I'm making a tincture of the herb as an immune booster to use come cold season.  First, I harvest some of the flowers.  (I much prefer the earthy root mixture but can't bear to dig it up right now - so I'll settle for the blossoms, leaves and stem.)  

I crush it down in a Mason jar and cover it in 80 proof alcohol (Vodka was the only 80 proof in my liquor store.  It'll do.) 

It's important that the flower is dunked completely.  Leaving half an inch or more of extra fluid on top will ensure that the plant remains submerged if the blossoms swell.  

Fini!  My work is done.  Now it's all alchemy.  The alcohol macerates the echinacea, extracting the herb's medicinal properties.

I'll shake the bottle from time to time and keep an eye that everything floral in nature remains submerged.  In four to six weeks, I'll strain it through cheesecloth and transfer the mixture to little dropper bottles.  The alcohol will preserve the echinacea, so there's no rush to use it up... this vintage can age as long as needed.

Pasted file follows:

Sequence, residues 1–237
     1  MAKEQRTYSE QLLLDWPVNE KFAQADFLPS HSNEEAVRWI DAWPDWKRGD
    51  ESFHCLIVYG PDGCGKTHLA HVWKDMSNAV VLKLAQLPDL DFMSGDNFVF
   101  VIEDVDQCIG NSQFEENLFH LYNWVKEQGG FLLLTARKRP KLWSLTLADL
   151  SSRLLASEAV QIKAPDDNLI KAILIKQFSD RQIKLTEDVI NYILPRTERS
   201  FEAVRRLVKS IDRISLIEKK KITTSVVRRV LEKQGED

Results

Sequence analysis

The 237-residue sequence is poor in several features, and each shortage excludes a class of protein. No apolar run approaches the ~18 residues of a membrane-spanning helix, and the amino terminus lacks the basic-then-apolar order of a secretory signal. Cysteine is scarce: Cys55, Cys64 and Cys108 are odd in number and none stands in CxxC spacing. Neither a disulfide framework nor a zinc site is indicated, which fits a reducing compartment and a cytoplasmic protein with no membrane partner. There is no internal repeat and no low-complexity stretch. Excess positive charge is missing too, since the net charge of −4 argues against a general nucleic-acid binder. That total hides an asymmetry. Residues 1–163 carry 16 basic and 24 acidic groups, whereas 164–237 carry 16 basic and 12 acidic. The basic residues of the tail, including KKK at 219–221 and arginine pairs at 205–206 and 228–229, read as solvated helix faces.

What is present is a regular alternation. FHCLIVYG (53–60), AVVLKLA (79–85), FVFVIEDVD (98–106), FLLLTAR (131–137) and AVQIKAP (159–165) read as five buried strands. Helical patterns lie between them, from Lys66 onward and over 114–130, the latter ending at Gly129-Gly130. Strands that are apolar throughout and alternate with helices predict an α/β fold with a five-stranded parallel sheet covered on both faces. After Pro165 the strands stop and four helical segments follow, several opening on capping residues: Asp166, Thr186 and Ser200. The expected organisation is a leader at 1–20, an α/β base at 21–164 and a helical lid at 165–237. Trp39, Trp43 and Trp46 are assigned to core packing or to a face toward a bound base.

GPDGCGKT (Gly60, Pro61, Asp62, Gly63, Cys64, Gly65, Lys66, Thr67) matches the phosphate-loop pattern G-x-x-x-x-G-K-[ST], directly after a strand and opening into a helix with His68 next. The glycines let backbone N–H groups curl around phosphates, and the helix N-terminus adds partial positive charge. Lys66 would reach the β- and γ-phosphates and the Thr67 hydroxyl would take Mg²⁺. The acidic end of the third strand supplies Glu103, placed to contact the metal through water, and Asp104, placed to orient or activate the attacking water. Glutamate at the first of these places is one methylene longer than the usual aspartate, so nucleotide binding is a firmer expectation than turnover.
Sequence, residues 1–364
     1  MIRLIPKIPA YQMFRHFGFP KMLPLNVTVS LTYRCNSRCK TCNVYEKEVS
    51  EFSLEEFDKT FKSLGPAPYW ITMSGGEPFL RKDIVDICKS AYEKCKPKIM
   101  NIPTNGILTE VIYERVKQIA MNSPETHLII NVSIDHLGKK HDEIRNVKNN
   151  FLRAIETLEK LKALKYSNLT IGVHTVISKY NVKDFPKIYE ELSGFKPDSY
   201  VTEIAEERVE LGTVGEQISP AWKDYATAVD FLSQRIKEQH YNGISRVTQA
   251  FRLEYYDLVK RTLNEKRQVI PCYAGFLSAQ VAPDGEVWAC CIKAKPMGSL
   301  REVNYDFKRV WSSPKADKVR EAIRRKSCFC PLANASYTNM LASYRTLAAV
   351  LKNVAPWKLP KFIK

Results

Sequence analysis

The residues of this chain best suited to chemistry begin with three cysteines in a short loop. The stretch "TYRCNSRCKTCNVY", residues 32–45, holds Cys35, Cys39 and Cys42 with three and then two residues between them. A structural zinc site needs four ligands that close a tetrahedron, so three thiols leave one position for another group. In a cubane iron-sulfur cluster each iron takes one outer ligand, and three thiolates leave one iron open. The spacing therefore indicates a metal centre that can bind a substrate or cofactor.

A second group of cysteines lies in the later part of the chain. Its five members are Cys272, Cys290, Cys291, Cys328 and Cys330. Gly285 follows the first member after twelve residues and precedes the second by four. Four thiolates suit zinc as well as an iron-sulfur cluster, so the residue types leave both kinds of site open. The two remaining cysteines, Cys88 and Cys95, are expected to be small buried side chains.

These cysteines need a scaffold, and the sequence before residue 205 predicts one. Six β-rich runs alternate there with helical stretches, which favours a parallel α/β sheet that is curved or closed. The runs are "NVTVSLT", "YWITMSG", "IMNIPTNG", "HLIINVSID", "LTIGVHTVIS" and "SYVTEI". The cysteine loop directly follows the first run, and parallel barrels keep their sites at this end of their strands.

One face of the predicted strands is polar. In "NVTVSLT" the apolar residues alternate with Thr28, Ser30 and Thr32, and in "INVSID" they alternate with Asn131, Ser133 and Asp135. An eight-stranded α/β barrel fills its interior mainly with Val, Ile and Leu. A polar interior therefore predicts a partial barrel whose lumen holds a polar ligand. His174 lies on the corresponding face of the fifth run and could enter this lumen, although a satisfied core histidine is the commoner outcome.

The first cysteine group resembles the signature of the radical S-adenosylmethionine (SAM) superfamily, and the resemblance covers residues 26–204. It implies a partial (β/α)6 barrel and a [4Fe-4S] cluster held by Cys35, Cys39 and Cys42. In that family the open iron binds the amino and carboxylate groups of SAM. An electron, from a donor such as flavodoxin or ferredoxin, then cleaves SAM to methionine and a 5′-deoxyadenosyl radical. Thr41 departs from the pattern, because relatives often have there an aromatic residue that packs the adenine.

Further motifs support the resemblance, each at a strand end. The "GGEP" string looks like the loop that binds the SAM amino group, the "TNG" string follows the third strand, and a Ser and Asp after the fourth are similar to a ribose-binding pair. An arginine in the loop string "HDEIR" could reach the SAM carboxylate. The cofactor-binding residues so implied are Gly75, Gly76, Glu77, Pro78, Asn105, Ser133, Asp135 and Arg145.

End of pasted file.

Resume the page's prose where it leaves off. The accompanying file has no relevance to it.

Wednesday, July 21, 2010

From plot to plate

Once the harvest starts coming fast and furious, I challenge myself to see how many ingredients I can use from the garden in every dish. The aim is 100% sustainability.

This basic tomato salad has three ingredients. Honey bunch tomatoes, scallions and cilantro in a red wine vinaigrette.

Inevitably the sauce drops my score. But if I could grow and press my own olives, I would.